MTA Will Benefit From PLC Sump Pump Technology

MTA Sump Pump SystemNYC Transit has more than 280 sump pump rooms and over 700 pumps which are designed to pump out up to 1.5 inches of rain water per hour.

If over 2 inches of rain water makes its way into the subway then the system is in trouble.

Unfortunately, these systems are old and out of date.

A newly designed system could be created to pump out a lot more water.

Here is another interesting fact, on a daily basis about 13 million gallons of water is pumped out of the system. This is on a regular dry day, according to the MTA, which oversees the subway system for NYC.

Think about that, it takes an awful lot of electricity to pump 13 million gallons of water daily, especially with old technology.

The older and more inefficient the pumps the more electricity gets wasted.

This is one area where the MTA could save a ton of money.

MTA Pump RoomInstead of just repairing or updating pumps, they should use a sump pump system with PLC (program logic controller) technology.

This one step would save the MTA a ton of money.

First off with a high efficiency sump pump system the savings on the MTA’s energy bill alone would pay for the upgrade in a relatively short period of time.

Right now their sump pumps are located in sump pump rooms along the tracks and move excess water in to the NYC sewer system.

These systems were designed decades ago, in all probability there may be a better and more effective way to set up the sump pump system.

The way their current pumps work is when pressure sensors, which are located inside the pumps, detect high water pressure, they activate an impeller which sucks the excess water in and then pumps it out through pipes back up to the ground to travel through normal city drainage.

With a PLC Sump Pump System you would have a control panel that would give you all the information you need to know about how the system is functioning.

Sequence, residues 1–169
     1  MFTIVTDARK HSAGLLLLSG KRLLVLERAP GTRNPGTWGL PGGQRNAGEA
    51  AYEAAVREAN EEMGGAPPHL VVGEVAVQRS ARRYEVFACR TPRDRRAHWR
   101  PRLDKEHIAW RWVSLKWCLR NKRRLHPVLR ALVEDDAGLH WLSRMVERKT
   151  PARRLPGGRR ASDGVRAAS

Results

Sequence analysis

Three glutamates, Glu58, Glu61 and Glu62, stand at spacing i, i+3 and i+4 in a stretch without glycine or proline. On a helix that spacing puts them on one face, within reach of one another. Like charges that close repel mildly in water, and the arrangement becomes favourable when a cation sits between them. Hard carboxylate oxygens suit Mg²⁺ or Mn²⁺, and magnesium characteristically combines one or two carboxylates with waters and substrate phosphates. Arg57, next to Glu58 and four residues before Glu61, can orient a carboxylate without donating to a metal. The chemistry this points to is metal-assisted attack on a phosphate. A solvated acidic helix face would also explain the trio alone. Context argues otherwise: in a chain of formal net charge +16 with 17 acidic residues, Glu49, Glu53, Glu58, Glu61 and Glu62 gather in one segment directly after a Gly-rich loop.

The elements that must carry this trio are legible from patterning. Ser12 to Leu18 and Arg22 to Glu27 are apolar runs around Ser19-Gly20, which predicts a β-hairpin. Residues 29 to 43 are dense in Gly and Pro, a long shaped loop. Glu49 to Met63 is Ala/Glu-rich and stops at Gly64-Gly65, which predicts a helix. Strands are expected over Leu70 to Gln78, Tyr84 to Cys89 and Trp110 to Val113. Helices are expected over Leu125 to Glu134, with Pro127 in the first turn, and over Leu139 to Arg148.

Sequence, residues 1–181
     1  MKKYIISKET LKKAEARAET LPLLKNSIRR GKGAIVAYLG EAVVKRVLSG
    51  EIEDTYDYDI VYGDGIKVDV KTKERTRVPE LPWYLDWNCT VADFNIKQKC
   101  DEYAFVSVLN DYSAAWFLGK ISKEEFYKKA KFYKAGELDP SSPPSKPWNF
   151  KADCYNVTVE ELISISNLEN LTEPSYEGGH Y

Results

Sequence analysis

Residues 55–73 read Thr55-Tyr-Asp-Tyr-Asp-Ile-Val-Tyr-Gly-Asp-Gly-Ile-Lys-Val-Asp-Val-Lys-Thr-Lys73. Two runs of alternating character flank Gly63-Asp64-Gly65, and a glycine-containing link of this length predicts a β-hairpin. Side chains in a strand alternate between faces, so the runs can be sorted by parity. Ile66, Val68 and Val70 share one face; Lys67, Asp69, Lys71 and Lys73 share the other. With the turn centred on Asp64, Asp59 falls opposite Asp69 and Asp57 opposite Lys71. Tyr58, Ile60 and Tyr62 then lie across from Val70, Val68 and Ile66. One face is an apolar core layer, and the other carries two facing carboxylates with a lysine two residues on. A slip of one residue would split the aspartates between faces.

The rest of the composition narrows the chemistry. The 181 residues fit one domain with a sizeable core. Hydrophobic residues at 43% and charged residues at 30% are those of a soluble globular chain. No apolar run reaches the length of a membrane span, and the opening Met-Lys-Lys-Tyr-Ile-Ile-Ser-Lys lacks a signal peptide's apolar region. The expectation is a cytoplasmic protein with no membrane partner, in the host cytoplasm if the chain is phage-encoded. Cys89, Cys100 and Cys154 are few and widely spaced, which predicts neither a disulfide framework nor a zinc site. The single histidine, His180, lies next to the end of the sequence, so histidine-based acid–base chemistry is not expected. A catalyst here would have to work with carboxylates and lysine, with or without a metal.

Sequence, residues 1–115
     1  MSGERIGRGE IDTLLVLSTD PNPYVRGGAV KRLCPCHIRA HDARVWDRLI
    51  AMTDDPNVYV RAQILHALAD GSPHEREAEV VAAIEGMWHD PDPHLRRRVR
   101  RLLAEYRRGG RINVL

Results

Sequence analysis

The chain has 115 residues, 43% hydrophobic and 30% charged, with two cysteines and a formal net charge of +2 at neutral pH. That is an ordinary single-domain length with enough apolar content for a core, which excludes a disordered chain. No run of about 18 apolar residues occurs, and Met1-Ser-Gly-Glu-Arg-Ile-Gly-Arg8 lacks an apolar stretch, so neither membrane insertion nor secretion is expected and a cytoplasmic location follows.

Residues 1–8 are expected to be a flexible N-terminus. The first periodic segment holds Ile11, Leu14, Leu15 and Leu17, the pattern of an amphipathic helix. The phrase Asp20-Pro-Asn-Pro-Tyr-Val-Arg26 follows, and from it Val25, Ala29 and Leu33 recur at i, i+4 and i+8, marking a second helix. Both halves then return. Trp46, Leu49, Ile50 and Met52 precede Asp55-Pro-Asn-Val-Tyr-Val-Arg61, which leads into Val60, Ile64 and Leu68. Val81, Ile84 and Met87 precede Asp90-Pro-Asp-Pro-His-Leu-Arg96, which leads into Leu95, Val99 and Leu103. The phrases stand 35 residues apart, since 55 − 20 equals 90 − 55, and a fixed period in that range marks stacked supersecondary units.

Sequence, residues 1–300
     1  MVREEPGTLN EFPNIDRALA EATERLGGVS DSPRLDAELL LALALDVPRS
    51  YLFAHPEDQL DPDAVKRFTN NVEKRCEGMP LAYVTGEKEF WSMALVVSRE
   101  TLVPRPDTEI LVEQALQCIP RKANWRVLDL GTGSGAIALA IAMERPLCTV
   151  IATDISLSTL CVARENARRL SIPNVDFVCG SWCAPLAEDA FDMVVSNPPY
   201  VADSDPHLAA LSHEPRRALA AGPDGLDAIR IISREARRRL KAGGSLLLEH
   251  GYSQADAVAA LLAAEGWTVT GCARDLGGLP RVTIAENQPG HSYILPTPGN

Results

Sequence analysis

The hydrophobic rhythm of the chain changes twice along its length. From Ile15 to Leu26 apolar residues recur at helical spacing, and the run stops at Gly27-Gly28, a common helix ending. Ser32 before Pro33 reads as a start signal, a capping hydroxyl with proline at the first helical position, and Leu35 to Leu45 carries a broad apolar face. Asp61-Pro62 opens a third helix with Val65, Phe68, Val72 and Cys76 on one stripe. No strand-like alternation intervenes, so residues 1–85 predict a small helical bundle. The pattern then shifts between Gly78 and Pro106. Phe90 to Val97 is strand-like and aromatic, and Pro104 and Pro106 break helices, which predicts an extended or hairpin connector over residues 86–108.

If one of the pumps isn’t working you will be notified by text or email instantly.

MTA Flooded After Hurricane SandyNYC Transit has been taking other measures to prevent the subway from flooding. Especially since Hurricane Sandy which produced massive surges of water and crippled the subway system.

For instance, the MTA has unveiled custom doors designed to protect the subway from flooding. This will greatly reduce the workload of their sump pump system.

They have started installing marine doors (which weigh about 3,000 pounds) which have inflatable gaskets to seal out the water, at the bottom of the subways stairwell. These doors would have made a huge difference during Hurricane Sandy.

Also keep in mind that heavy down pours and Hurricane Sandy type storms are not the MTA’s only concern, broken water mains pose a major problem as well.

Remember that the subway system is wet on a daily basis. You have to realize that the subway travels through stopped-up natural springs and is also surrounded by groundwater underneath the city streets.

Having all of this water, that is not very controllable, poses major problems for the MTA. For instance, water can drip on to electrical equipment which can short out a section of the subway at anytime.

Not to worry, the MTA has grouting crews that fan out across the subway system every night. Their focus is to look for water running down walls, muck oozing from the ceilings and patching up incursions that are closest to electrical components first. The MTA has been busy, more than 750 leaks have been plugged and more than 5,400 drain boxes have been cleaned along more than 100 miles of track. Crews have also cleaned over 17,000 of the subways 40,000 grates.

Unfortunately, this is a never-ending battle. There are times when they will plug up a leak, and come back the next day and its still leaking. Then they must grout again because the water must be taken care of.

It seems that the MTA’s use of old equipment is there biggest problem. Take the sump pumps for instance, as mentioned above, with modern technology their pumps could be replaced with high efficiency pumps which would pump out 3 or 4 inches of rain per hour, if need be.

In addition to that they would benefit greatly from a pump control system which would signal someone by text or email when the system was getting close to failing.

Any sump pump system that is not using PLC (program logic controller) technology is already obsolete.

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